Page 1 of 3
Peter Jackson's return to Middle-earth proves to be... tricky....
Warner / 169 Minutes / 2012 / Rated PG-13 / Street Date: March 19, 2013
It’s probably not entirely fair to say that The Hobbit sucks, but there’s no denying that it feels like it does. I mean, there was no way that this disastrously bloated prequel (it’s fair to call it a prequel, right?) was ever going to hold up to its Lord of the Rings predecessors, but one hoped going into cinemas last Christmas that even if An Unexpected Journey paled by comparison, it would still offer a fun chance to return to cinematic Middle-earth.
But even that was marred by a polarizing filming style – in 48fps rather than the normal 24 – that gave every element of The Hobbit an over-vivid, video-gamey feel that, while admittedly hyper-real, lacked the sheen of The Lord of the Rings’ iconic imagery. Again, lightning never strikes twice, but I keep thinking about the first fifteen minutes of The Fellowship of the Ring and how it not only established the narrative groundwork for the films, but how in just a few short minutes, exceptional storytelling fused with VFS grandeur in such a way that even non-fantasy-dorks were completely enthralled.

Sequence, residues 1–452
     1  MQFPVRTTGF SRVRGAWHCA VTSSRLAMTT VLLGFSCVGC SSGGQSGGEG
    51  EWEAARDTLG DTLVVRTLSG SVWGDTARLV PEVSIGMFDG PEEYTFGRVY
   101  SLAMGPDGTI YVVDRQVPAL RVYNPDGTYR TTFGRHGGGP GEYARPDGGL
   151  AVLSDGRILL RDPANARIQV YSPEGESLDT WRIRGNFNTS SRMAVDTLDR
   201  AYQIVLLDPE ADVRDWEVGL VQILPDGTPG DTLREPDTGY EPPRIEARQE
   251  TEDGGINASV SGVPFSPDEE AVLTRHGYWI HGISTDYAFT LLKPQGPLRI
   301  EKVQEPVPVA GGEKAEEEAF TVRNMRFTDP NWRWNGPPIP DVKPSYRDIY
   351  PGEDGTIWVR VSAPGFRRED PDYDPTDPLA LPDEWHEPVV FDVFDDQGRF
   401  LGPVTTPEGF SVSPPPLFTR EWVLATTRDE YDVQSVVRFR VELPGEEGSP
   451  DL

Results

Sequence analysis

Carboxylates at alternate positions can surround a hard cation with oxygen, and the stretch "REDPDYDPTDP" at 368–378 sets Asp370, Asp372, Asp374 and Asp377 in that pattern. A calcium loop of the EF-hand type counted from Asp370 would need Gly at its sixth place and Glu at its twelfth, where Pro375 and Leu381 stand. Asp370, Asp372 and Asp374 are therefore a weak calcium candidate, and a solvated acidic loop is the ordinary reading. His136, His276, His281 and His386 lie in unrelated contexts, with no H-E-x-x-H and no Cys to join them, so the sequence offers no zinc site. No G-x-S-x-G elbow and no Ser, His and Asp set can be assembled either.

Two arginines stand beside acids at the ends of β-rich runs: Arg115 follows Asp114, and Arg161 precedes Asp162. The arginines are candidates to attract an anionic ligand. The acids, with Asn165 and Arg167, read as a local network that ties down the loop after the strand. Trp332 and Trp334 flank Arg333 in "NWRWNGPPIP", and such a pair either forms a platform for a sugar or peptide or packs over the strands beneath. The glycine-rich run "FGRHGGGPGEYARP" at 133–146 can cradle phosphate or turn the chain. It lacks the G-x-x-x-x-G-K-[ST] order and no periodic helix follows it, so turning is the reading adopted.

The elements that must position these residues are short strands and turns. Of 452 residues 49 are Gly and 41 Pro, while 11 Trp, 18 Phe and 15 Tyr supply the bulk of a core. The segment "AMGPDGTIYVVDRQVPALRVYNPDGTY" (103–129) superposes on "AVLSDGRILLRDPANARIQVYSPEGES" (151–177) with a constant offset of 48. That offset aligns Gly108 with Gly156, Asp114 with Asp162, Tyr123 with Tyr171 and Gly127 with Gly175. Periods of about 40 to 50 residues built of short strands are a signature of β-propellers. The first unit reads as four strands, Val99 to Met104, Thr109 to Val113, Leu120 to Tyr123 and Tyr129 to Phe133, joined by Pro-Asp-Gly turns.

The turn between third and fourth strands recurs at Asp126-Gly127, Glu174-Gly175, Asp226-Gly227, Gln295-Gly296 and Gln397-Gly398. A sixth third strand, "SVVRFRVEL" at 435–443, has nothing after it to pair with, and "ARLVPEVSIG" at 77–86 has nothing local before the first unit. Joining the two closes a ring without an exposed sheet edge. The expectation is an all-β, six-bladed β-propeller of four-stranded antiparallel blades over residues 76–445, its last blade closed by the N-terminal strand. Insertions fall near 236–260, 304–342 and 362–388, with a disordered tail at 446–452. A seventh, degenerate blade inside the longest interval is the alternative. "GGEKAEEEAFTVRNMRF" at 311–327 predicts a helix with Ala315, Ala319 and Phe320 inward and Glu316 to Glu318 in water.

Peter Jackson has hired a capable set of craftsmen for The Hobbit: An Unexpected Journey, but any thrills like those found in LOTR’s prologue are sorely absent here. In an act that will likely make Warner Bros. an extra $2 billion dollars but rid these new Tolkien films of any inherent integrity, The Hobbit’s triptych release pattern is its number one enemy: maybe the second two films will be snappier, but An Unexpected Journey feels loooong. And it’s not just that the story has to amass certain elements in order to move forward – there are long sequences of eating and singing and belching and more eating and… ugh.
Most fellow moviegoers I’ve talked to have been less harsh about The Hobbit, saying that while it clearly is no stablemate to the original LOTR movies, it’s still fun to watch. This may ring of grade-A grumpiness, but I bet this Blu-ray edition will make most viewers reconsider any experiential kindness they may have offered the film. On a second viewing, The Hobbit: An Unexpected Journey isn’t just a disappointment: it’s an empty cavern of a movie, one that’s more from the director of The Lovely Bones than The Return of the King. Dare I say it: it kind of sucks.